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A climate change solution?

Beneath the Columbia River Basin, a real-life trial of the uncertain science of carbon sequestration – Part I

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Among the types of rock being investigated for carbon sequestration is McGrail's focus: flood basalt. Most sequestration experts think basalt sequestration a rather quirky, even quixotic idea. After all, most of the country lacks the layered volcanic flows that spread to form the Columbia and Snake river plains.

But basalt has one virtue that other geologic formations lack. In the laboratory, it can transform CO2 into calcium carbonate — the equivalent of seashells or limestone — in a matter of weeks or months, effectively immobilizing carbon in a solid. And because most of the Pacific Northwest is awash in basalt, carbon sequestration of this type could be an excellent regional method of reducing carbon dioxide emissions — if what happens in the lab can be made to happen 3,000 feet below the Columbia River Basin.

Basalt is a majestic rock, a deep black when young that gradually weathers into softer colours, especially the telltale reds that show where iron in the stone has reacted with oxygen. Depending on how it cools, basalt sometimes forms huge or tiny vertical columns — Wyoming's Devils Tower and the Giant's Causeway in Northern Ireland are prominent examples of the big versions. The Whistler area has several pockets of basalt columns. In Washington state, one of the best places to see large-scale columnar joining is in the Columbia River Gorge 200 miles west of Richland, where massive columns rear above Interstate 84 as it snakes alongside the river. In the rain-drenched climate west of the Cascades, the stately columns are graced with conifers and ferns, waterfalls and rockslides that are very different from the drab flats and tortured hills in the heart of the Columbia basalt to the east.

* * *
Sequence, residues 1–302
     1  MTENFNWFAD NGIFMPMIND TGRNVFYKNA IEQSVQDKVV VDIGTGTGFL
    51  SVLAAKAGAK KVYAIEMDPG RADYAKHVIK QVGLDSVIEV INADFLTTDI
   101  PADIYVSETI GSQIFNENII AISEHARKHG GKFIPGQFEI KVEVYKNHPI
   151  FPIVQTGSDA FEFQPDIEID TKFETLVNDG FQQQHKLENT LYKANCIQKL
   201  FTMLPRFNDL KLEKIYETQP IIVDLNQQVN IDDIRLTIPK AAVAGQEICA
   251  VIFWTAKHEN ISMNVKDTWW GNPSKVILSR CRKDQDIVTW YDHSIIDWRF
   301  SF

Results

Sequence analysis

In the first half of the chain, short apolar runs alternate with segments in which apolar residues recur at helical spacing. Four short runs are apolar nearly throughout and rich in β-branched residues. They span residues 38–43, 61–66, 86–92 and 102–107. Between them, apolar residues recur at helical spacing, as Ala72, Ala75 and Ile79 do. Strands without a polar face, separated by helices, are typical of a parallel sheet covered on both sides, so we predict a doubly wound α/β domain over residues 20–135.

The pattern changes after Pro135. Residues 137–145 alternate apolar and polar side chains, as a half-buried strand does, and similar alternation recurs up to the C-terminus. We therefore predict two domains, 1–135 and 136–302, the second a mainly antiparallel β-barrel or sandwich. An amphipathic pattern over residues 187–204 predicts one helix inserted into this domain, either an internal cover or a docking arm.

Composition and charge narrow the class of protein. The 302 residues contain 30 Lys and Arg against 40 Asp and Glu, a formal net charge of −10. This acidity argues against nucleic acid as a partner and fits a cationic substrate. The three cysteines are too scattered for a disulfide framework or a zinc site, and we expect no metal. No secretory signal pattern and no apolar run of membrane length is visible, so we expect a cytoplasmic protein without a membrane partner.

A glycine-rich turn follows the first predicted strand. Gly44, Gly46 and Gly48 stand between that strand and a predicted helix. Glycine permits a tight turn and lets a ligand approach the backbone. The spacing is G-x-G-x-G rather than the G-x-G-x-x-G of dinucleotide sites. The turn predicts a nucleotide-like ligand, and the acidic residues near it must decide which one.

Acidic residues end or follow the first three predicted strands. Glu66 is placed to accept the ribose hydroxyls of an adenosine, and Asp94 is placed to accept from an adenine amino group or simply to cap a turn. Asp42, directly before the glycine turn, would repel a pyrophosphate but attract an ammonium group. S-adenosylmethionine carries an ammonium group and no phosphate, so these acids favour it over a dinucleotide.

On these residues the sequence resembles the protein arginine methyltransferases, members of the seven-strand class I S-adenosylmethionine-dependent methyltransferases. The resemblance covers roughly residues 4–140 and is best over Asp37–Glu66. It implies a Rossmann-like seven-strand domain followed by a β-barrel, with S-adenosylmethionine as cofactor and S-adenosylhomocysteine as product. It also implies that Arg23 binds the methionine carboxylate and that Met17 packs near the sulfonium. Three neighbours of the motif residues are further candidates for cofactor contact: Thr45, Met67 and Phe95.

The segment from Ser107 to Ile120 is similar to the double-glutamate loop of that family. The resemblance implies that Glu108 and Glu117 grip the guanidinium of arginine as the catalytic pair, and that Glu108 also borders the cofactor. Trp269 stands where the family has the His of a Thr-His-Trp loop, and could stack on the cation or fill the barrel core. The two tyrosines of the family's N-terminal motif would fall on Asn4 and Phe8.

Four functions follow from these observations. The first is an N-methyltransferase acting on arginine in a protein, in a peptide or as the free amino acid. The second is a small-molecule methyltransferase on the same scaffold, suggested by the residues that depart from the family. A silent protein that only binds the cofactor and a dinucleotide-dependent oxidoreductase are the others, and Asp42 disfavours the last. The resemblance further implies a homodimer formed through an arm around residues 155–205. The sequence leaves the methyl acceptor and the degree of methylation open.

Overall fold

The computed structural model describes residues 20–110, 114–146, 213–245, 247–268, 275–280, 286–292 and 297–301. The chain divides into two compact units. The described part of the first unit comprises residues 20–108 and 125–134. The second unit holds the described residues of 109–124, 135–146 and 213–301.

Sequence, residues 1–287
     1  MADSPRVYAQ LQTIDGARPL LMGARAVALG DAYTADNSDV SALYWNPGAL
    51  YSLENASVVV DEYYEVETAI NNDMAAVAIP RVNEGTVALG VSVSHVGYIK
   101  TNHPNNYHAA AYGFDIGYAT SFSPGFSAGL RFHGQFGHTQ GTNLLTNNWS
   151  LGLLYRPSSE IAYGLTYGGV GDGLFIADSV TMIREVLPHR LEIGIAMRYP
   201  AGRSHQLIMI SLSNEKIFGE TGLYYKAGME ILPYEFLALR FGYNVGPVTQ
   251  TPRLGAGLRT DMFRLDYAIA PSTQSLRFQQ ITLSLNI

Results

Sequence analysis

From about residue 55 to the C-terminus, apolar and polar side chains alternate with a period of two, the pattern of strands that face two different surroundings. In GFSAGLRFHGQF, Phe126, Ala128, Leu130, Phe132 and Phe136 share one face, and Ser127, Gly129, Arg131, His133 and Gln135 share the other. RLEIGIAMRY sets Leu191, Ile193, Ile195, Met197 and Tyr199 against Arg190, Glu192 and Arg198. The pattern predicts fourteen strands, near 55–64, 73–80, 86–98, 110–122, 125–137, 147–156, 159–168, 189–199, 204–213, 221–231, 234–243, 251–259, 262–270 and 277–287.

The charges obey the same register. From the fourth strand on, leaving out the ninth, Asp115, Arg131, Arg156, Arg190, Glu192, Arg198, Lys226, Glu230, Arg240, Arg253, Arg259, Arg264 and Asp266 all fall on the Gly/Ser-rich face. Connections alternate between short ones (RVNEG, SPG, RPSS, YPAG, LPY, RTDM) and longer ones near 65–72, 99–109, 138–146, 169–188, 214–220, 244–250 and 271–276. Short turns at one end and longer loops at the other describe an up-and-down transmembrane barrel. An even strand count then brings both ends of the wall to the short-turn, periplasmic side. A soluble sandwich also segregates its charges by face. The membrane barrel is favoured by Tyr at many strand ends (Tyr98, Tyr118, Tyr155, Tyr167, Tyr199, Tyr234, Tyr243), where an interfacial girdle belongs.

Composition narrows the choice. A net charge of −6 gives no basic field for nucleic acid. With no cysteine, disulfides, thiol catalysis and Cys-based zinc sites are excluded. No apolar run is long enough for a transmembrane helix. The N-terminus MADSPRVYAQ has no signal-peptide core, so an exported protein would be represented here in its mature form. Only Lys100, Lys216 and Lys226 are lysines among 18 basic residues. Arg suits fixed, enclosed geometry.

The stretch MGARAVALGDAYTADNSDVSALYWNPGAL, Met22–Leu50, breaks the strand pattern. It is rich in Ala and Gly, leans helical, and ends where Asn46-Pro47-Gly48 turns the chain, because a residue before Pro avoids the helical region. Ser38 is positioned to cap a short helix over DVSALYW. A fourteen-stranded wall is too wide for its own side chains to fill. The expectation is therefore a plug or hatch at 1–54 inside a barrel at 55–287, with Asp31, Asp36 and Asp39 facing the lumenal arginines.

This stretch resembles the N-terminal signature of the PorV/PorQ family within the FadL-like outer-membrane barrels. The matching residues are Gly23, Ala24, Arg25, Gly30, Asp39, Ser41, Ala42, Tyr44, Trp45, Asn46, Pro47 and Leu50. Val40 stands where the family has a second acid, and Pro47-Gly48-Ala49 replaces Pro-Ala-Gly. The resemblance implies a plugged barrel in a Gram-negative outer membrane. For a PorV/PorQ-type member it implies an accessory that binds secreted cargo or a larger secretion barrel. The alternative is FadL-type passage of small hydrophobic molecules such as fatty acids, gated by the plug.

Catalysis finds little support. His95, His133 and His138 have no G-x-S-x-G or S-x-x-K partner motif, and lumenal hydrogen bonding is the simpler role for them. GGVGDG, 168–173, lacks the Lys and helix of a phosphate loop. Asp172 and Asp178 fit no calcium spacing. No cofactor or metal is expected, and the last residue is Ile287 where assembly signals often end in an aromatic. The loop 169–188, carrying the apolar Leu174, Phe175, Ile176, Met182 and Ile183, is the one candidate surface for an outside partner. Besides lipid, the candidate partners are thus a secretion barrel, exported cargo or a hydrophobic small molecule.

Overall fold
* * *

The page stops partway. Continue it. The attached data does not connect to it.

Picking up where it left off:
As they erode and break down, volcanic rocks form rich soils abundant in minerals. Late in the 19th century, when early boosters like the Spokane newspaper and the railroads dubbed the area the "Inland Empire," the Columbia basalt area drew optimistic would-be farmers. Except for wheat, however, dryland farming was a bust. Not until the dams sprang up on the Columbia and large-scale irrigation became possible did farming expand in a big way.

The centre of McGrail's interest lies in this area and in the Columbia River Basalt Group, which consists of about 300 lava flows that ran fast and often in the Miocene epoch between 6 million and 17 million years ago. It covers about 65,000 square miles, in places to a depth of three miles; some of the crustal rifts disgorging the basalt were as much as 100 miles long. Because the lava gushed out and spread horizontally, on a relief map the flood basalt region looks like it has been ironed out compared to the mountainous topography surrounding it.